EPI Research (Page 22)

  • Targeted Jobs Tax Credits and Labor Market Experience

    June 1998

    The work requirements of the 1996 welfare reform legislation have refocused attention on the need for government programs that help members of economically disadvantaged segments of the population find and keep jobs. In this report, Dr. Tannery examines the effectiveness of one such program, the Targeted Jobs Tax Credit (TJTC). Based upon a long-term analysis of more than 17,000 Pennsylvania workers, he finds[…]
  • Effects of the Proposed 1999-2000 Washington Minimum Wage Increase

    May 1998

    Based upon an analysis of Labor Department data, Dr. David Macpherson finds that a proposal to hike the Washington minimum wage from $5.15 to $6.50 by the year 2000 would cause more than 7,431 workers to lose job opportunities. As a consequence, Washington workers would lose approximately $64 million in annual income. At the same time, minimum wage employers would see their labor costs rise[…]
  • Effects of the 1998-1999 Oregon Minimum Wage Increase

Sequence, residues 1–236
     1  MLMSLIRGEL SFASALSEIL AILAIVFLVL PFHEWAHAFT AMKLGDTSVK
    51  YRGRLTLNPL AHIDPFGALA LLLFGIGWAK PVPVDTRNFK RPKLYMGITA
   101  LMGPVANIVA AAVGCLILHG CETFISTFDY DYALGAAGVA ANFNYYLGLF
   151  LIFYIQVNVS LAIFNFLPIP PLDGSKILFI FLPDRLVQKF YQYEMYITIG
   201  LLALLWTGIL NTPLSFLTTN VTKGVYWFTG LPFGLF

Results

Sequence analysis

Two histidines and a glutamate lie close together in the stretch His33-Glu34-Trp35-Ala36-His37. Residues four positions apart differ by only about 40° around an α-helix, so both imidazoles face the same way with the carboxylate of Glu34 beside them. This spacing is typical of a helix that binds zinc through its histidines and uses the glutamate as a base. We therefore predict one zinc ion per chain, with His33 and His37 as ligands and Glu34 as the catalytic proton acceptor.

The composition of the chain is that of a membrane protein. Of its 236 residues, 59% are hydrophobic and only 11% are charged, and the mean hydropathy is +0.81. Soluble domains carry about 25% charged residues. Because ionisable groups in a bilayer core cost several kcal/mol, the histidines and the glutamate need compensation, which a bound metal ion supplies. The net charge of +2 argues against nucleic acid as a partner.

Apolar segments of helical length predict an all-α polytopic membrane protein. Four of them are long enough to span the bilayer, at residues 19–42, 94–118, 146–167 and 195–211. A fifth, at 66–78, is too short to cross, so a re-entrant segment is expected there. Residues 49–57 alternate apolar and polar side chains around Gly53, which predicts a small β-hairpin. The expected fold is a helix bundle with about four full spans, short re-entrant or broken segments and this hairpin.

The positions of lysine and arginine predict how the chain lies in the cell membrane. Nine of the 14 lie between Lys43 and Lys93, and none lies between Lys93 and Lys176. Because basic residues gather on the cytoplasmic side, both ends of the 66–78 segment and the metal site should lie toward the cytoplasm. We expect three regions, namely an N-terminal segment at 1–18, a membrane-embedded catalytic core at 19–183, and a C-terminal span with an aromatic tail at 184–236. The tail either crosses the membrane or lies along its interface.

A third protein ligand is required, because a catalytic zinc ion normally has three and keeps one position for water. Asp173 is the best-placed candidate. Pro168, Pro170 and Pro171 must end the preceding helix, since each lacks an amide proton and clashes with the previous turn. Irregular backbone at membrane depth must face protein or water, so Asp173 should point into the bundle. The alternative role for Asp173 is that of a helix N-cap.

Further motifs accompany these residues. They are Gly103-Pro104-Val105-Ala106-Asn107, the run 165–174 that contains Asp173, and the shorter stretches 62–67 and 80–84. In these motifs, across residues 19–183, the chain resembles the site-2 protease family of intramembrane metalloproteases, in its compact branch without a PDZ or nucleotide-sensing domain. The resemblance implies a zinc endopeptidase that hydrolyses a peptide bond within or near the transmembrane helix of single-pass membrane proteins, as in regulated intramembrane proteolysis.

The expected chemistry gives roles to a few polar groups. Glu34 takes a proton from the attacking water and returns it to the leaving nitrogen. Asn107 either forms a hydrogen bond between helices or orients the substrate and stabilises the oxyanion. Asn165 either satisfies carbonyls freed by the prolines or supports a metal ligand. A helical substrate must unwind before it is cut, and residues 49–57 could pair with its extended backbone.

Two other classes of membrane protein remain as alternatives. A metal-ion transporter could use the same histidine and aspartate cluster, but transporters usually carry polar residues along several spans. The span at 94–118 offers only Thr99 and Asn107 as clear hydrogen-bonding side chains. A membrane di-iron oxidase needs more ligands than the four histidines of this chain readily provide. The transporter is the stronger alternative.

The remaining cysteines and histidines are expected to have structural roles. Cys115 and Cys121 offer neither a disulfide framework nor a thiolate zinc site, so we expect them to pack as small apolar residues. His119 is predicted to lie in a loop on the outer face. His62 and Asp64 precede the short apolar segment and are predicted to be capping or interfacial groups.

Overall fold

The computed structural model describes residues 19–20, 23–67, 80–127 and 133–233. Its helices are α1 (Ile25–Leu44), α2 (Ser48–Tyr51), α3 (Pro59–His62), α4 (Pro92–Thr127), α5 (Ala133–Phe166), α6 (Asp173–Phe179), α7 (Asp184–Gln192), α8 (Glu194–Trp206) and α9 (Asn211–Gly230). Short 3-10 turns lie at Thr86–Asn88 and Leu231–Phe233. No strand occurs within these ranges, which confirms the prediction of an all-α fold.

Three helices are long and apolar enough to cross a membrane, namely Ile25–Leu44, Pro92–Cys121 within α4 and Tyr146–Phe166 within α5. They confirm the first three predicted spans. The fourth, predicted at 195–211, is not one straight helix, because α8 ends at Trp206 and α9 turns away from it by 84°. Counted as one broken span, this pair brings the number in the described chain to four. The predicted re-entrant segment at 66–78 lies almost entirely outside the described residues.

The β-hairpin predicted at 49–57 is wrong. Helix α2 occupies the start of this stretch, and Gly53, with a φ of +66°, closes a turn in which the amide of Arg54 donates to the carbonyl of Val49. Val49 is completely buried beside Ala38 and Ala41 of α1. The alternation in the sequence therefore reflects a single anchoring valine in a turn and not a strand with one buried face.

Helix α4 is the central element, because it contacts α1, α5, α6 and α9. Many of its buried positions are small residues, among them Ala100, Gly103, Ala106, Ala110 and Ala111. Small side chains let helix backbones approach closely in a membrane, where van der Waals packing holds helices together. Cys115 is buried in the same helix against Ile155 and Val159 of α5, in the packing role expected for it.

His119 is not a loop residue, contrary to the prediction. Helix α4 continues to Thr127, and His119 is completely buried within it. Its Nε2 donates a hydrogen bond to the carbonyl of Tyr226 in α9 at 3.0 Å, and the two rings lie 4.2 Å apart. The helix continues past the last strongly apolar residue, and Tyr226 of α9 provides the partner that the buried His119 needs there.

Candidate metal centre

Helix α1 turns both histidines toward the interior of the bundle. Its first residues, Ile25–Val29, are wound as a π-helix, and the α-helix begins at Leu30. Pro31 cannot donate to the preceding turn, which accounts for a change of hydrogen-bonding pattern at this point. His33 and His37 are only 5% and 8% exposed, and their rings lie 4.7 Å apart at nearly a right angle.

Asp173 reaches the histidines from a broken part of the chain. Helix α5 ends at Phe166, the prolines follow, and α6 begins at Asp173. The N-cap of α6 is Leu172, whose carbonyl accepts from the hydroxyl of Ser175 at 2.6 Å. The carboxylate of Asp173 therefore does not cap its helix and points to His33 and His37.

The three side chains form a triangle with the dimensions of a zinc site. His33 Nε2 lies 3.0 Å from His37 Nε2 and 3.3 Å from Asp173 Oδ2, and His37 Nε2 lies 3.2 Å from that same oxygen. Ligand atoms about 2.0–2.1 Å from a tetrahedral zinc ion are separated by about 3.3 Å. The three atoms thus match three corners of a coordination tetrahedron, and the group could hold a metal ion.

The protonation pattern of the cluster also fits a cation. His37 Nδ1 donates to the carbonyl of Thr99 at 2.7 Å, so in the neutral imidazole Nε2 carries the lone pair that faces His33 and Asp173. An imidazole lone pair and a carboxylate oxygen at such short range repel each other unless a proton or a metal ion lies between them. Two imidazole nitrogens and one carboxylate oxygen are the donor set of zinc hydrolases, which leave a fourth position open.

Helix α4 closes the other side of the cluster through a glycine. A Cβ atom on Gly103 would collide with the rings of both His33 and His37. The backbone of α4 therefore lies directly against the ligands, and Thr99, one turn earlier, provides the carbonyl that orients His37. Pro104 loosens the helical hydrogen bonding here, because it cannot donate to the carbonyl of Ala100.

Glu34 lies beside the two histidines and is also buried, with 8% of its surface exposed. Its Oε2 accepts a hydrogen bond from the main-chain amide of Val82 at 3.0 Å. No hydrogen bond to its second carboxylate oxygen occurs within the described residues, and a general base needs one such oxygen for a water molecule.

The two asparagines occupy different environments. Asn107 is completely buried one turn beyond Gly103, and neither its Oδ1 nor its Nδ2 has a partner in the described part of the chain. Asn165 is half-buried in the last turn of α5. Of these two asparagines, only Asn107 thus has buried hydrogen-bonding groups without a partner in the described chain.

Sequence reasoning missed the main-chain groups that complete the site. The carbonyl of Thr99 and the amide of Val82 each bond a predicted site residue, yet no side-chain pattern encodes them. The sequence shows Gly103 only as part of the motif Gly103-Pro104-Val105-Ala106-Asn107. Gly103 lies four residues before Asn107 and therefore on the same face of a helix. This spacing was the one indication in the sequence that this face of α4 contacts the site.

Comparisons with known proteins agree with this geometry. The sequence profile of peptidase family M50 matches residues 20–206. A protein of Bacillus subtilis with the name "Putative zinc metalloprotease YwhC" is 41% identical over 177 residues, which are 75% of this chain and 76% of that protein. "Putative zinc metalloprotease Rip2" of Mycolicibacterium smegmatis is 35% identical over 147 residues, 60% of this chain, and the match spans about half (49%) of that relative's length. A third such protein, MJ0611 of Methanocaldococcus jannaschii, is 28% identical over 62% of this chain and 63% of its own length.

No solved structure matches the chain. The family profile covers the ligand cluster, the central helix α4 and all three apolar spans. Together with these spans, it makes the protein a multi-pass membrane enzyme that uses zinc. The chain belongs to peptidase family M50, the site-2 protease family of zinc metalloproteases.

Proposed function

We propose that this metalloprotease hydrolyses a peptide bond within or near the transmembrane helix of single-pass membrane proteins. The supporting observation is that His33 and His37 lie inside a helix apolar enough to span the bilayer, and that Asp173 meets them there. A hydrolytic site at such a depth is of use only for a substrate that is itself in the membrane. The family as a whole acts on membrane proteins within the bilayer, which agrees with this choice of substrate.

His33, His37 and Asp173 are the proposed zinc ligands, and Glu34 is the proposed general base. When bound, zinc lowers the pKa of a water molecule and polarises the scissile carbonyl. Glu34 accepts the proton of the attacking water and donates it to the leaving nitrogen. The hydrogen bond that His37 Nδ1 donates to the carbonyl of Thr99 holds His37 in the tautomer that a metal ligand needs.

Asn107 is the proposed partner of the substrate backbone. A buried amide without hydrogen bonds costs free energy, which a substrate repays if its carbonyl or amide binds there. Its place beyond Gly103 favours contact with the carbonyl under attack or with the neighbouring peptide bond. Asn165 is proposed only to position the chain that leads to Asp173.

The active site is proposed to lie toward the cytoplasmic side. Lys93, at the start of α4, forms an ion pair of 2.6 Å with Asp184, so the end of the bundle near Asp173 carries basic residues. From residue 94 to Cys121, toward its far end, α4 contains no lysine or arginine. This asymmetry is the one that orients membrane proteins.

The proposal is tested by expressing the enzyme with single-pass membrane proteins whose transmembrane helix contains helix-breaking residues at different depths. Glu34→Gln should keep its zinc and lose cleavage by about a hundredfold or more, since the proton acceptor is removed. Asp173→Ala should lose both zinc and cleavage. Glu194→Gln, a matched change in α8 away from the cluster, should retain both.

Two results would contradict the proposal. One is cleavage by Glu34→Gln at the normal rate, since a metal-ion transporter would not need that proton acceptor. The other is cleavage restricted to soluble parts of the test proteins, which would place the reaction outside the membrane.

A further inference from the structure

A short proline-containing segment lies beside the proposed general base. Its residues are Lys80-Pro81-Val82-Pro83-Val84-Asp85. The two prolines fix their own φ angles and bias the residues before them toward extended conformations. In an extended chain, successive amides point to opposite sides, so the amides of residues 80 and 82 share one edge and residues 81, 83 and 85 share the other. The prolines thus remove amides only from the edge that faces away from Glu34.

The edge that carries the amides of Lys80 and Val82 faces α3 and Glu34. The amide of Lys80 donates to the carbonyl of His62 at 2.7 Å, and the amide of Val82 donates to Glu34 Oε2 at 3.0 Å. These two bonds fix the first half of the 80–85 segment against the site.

May 1998

    Based upon an analysis of Labor Department data, Dr. David Macpherson finds the 1998-1999 Oregon minimum wage hike from $5.50 to $6.50 will cause more than 5,400 workers to lose job opportunities. As a consequence, Oregon workers will lose approximately $50 million in annual income. At the same time, minimum wage employers will see their labor costs rise by $162 million per year in order[…]
  • Effects of the 1998 California Minimum Wage Increase

    March 1998

    Based upon an analysis of Labor Department data, Dr. David Macpherson finds the 1998 California minimum wage hike from $5.15 to $5.75 per hour will cause more than 25,000 workers to lose job opportunities. As a consequence, California workers will lose approximately $230 million in annual income. At the same time, minimum wage employers will see their labor costs rise by $790 million per year[…]
  • Job Loss in a Booming Economy

    February 1998

    During the fourth week of August 1996, President Clinton signed into law two bills with serious implications for the ability of low-skilled workers to find jobs. On the 20th, he signed a bill that would increase the federal minimum wage from $4.25 to $4.75 effective October 1, 1996, and from $4.75 to $5.15 on September 1, 1997. On the 22nd, he signed a bill that[…]
  • Work Ethic and Family Background

    May 1997

    Government policies dealing with employment and wages have both short term and long term effects. This is especially true with welfare reform. Clearly, the welfare policies now being developed in response to massive changes in the federal law will have immediate effects on individuals currently dependent on public aid. But what long term effect will these policies have on the children of welfare-dependent parents? When[…]